At Atlanta’s charming artisanal market-meets-romantic restaurant Parish Food & Goods, Chef Joe Schafer takes the Dixieland love of locally grown, sustainable ingredients one step further by turning his hardwood ash (leftover from smoking meats for his delectable charcuterie platter) into house-made lye for creamy hominy. A popular staple in both Southern and Mexican cuisines, hominy—another Native American word for corn—is the modern day term for dried corn kernels that have gone through the process of nixtamalization, wherein a grain is soaked in an alkaline solution and hulled. The result is a softer, round kernel of sweet corn.
While most chefs would turn to the ease of store-bought pickling lye—a few drops of the stuff mixed into a gallon of water produces the alkaline substance needed to shed hominy of their tough hulls—Schafer goes through a rigorous three-day process in a nod to the South’s old customs, using up leftover product in the process. “I’m kind of intrigued with ingredients and cooking techniques from the Old South,” says the Georgia-born chef, who spends his free time prepping bacon he’d one day like to sell to the public. “I like to use history and culture to inspire my food.”
For his über creamy hominy, Schafer combines that leftover ash with just enough water to produce a quicksand-like consistency. Then he lets the mixture sit for several days to develop into a 12 to 13 pH solution that will help loosen the corn hulls. While the mixture stews, Schafer soaks the dried hominy overnight, allowing the kernels to loosen. When both mixtures are ready, he simmers the hominy in “a witch’s cauldron” of ash water for several hours, taking care to keep the heat low and slow. After rinsing several times, the hulls begin to rub off and what’s left are the white kernels. “You have those nice, big, tender pieces of corn after they are cooked,” he says.
But even after four days, the process isn’t complete. To finish off his creamy dish, Schafer cooks the hulled hominy in a thyme-infused cream. (Unlike the boiled, sometimes chewy texture of posole, Schafer’s hominy has a toothsome bite and pop of flavor.) Served alongside a number of other Southern favorites—a supple North Carolina Speckled Sea Trout, smoky-salty house pancetta, and a bright pickled-peanut salad—this is a wonderfully cozy and absolutely bright dish (and perfectly apropos of the South. The process may be lengthy, but making lye for hominy is worth it for this chef, and we quite agree.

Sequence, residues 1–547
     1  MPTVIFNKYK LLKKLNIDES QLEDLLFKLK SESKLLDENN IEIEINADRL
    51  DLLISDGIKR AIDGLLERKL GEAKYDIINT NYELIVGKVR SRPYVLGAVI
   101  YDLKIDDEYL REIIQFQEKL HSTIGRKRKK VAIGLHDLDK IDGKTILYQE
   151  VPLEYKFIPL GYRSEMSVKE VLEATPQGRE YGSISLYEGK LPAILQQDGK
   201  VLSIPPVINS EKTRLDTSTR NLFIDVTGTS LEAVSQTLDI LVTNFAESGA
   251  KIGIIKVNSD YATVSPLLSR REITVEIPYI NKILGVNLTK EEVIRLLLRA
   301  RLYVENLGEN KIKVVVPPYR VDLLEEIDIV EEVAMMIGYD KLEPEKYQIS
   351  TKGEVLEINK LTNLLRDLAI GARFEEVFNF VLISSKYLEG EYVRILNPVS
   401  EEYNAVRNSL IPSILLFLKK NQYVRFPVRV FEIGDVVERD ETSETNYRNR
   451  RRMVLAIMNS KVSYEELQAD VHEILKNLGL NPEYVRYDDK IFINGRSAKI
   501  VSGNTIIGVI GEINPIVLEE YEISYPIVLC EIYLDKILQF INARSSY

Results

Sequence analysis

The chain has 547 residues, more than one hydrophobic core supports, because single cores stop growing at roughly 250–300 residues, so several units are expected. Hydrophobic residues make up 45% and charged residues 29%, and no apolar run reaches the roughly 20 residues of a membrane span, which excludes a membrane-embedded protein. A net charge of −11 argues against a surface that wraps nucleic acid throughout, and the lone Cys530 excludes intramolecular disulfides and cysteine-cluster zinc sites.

Step 1: Using a tammy or sieve, sift 1 gallon of hardwood ashes.
Step 2: Moisten the ashes with water to a wet-sand consistency.
Step 3: Cover the ash-water mixture tightly and ferment for 2 to 3 days at room temperature.
Step 4: One day before the ash-water mixture is ready, soak the dried corn in cold water overnight.
Step 5: The next day, place the moistened ashes in a large pot. Add the corn and enough cool water to cover the corn by about three inches, whisking thoroughly to break up the ashes.
Step 6: Bring the water to a simmer and cook until the corn is tender (when testing the corn for doneness, rinse the kernels very, very well before tasting). Once the corn is tender and the hulls are loosened (about two and a half to three hours), place the pot in the sink and run cold water over the corn until the water runs clean, rubbing the skins off the corn with your hands.
Step 7: Place the corn in cool water again and skim off any skins that float to the top. Strain and store the hominy in an airtight container until service (this can be done one to three days before use).
For the Creamed Hominy:
Step 1: In a saucepot, render the pancetta slightly. Add the onion and thyme, and sweat until the onions are translucent.
Step 2: Add the hominy to the pan, stirring to combine.
Step 3: Add the cream to the pan and adjust the heat to medium-low. Cook the hominy in the cream till very tender (the cream should no longer pool in the bottom of the pot when stirred).
Step 4: Season the hominy with salt and pepper and serve immediately.